Gambler and bookmaker "Odds" Owen decides that the insurance racket is a business that offers better odds and less risk, and this appeals to him and he sets up shop. He underwrites anything... See full summary »
A professor comes up with a system to win at roulette, and goes to the famous casino at Monte Carlo to try it out. When he turns up murdered and his "system" missing, a reporter sets out to find the killer--and the system.
Anne Brooks is being blackmailed by her old dancing partner Maurice. They married when she was young but broke up after which he said he was getting a quickie divorce. Anne married the much... See full summary »
Raised in seclusion to be the epitome of mental, physical and moral perfection, Gerald Beresford Wicks is resigned to following his grandmother's wishes until a chance encounter with Mona Carter leads him into the outside world.
After giving the District Attorney another stinging defeat, Perry plans to take a vacation in China. That is, he was, until Rhoda, his old flame, meets him at a restaurant. Even though she says that she is asking for a friend, Perry can see right through her. It seems that her husband Moxley, who had been allegedly dead for four years, is alive and demanding money as she has married into wealth. The case escalates when the police find the body of Moxley and charge her with the murder.Written by
Tony Fontana <email@example.com>
In The Case of the Curious Bride (1935), one of Errol Flynn's earliest films, his role consisted of lying on a marble slab as a corpse. There was also a flashback sequence towards the end of the film showing how Flynn was killed. The film in question has appeared at least twice on Turner Classic Movies during Errol Flynn festivals despite his very limited (certainly less than two minutes) screen time. See more »
In the first scene at Fisherman's Wharf, Perry is picking out crabs, and he says, "Joe, we've decided upon these four antagonistic anthropods." Crabs are arthropods; there is no such thing as an anthropod. See more »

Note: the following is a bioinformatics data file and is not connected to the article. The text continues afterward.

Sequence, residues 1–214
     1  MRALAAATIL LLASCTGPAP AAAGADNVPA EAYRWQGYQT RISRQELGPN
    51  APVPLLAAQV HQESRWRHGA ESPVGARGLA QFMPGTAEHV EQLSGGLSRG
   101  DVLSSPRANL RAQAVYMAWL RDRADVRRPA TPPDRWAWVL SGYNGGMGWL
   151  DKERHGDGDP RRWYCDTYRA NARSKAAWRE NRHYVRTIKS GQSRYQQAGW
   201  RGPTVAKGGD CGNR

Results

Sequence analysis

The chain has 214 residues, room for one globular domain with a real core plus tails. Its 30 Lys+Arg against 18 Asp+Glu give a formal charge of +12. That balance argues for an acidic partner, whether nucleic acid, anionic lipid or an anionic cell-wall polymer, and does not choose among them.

Fast-Paced Perry with Plenty of Bright Dialogue Grafted on to a Thin Plot
Although Warren William had already played Perry Mason in Alan Crosland's The Case of the Howling Dog (1935), and would continue to play the attorney/detective in The Case of the Lucky Legs and The Case of the Velvet Claws, it's this second outing that all classic film addicts are anxious to view, chiefly because it marks the Hollywood debut of Errol Flynn.
Actually, although Errol's role is important, it's also quite small. He doesn't speak but appears very briefly in a flashback. It's Warren William who steals all the limelight and is given all the brightest lines. With the exception of Olin Howland, the other characters are in the movie simply to supply William with "business"and this being an "A" productionplenty of it. Even the title heroine, nicely played by Margaret Lindsay, disappears for most of the action. We also see very little of Della Street. It's Mason who makes things happen all the way, as he strides through the vast backlot and studio sets at a frantic pace, trading verbal blows right, left and center.
The speed of the narrative is ingeniously reinforced by a snappy quick-zoom/focus-out editing style (which was picked up in a popular TV series 20 years later). Other credits are likewise highly professional, but, despite all this cinematic dexterity, I feel the movie tends to outstay its welcome. The plot is too thin, and Lindsay's dilemma is not made sufficiently dramatic.
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